Consumer Watchdog asked the federal agency to check out claims the company tracked driver's iPhones even after the app was deleted.
Did Uber break the law by collecting information on user's iPhones to identify them even after they deleted the Uber app? That's what a consumer advocacy group asked the US Federal Trade Commission to find out in a complaint sent Thursday.
Consumer Watchdog told the FTC in its complaint that this kind of tracking violates federal privacy law. Also, Uber is due for an investigation, they wrote.
"It is a renegade technology and transportation company whose executives pride themselves on a disruptive, rule-breaking approach to business," the Consumer Watchdog complaint says. "It is long past time for the company and its CEO Travis Kalanick to be held accountable for their actions which regularly flout the law."
The complaint comes in the wake of a New York Times report from Sunday, which claimed the Uber tracked users' iPhones even after they deleted the Uber app. In its statement responding to the news story, Uber emphasized that iPhone fingerprinting doesn't let them do exactly that.
"We absolutely do not track individual users or their location if they've deleted the app," the company said in a statement. "As the New York Times story notes towards the very end, this is a typical way to prevent fraudsters from loading Uber onto a stolen phone, putting in a stolen credit card, taking an expensive ride and then wiping the phone–over and over again."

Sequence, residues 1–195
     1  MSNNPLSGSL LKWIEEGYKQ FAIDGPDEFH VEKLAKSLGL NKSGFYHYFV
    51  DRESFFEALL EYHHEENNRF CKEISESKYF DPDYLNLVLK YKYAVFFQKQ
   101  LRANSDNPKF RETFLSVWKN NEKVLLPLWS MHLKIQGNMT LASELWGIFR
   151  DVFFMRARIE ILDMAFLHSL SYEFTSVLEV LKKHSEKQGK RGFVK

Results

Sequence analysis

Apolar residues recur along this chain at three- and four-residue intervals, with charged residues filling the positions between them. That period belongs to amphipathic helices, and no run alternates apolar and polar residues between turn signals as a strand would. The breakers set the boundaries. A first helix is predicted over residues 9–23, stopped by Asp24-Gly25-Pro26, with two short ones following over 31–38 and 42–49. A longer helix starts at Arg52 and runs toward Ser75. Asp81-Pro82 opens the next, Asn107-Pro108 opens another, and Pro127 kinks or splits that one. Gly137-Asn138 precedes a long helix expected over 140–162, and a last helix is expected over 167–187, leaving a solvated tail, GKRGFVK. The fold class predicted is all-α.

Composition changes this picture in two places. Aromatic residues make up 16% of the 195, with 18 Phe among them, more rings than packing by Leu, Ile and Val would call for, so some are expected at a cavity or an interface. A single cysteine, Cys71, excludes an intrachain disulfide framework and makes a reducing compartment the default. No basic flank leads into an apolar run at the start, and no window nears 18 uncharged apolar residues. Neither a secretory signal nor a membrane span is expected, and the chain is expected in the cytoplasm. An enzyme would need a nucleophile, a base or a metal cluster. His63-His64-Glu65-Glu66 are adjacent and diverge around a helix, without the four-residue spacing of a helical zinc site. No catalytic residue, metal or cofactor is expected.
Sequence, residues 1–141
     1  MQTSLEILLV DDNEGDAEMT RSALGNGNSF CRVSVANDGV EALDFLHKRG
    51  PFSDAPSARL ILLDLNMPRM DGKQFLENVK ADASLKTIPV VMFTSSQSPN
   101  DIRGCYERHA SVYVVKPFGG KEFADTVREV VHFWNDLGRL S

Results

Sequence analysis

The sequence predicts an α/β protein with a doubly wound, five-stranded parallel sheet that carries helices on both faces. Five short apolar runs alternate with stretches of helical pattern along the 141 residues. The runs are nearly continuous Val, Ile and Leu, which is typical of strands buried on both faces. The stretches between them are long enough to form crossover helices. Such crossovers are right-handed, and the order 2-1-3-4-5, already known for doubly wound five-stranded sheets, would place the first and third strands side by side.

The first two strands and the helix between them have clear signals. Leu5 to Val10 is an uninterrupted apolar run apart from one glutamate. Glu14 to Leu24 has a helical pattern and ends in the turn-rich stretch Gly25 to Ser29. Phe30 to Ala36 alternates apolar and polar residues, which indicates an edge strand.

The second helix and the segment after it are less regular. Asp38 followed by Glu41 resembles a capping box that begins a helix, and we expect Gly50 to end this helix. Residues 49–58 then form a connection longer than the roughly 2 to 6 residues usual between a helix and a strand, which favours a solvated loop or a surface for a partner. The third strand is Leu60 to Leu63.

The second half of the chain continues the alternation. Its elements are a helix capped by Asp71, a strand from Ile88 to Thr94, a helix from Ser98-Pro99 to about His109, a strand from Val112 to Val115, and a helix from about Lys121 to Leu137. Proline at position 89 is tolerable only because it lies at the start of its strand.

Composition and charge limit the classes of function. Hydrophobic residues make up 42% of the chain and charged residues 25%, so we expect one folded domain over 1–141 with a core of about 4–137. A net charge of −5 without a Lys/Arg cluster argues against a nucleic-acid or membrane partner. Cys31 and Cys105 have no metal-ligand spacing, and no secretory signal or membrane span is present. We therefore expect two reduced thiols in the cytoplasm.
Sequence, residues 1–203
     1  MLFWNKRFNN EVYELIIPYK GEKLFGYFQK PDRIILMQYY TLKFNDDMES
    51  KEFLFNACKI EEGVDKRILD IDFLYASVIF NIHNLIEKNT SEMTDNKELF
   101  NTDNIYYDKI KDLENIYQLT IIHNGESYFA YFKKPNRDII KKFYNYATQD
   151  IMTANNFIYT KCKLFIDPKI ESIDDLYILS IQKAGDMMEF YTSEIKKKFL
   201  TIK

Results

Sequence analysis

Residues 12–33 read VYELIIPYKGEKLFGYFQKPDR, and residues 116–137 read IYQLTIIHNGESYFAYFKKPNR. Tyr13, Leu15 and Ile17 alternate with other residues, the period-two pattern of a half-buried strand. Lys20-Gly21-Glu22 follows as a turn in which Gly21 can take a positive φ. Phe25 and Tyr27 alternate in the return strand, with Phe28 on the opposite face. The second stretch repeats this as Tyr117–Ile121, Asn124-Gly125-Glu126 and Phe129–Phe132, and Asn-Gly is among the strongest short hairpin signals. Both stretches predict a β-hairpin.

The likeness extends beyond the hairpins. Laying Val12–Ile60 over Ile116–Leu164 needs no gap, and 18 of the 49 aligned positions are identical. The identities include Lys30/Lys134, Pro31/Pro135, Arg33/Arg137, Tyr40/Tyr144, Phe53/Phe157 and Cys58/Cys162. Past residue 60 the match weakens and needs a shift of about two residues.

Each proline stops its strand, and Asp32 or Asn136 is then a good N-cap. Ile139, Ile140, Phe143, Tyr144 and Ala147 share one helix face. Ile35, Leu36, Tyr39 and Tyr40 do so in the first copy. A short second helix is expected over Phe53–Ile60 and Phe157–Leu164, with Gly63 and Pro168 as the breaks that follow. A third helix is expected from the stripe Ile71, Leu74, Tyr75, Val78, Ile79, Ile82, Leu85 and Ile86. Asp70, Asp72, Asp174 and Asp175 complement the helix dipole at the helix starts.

Cybersecurity experts said in reality, Uber would have been accessing the iPhone's Universal Device ID, a practice that Apple has told developers is forbidden. If a user deletes Uber and then downloads the app again, Uber would have been able to know that it was the same iPhone. Uber was reportedly doing this tracking to crack down on fraud.
According to the Times report, Apple CEO Tim Cook summoned Uber CEO Travis Kalanik to Apple headquarters to tell him Apple would remove the Uber app from its App Store unless the ride-hailing company stopped this practice.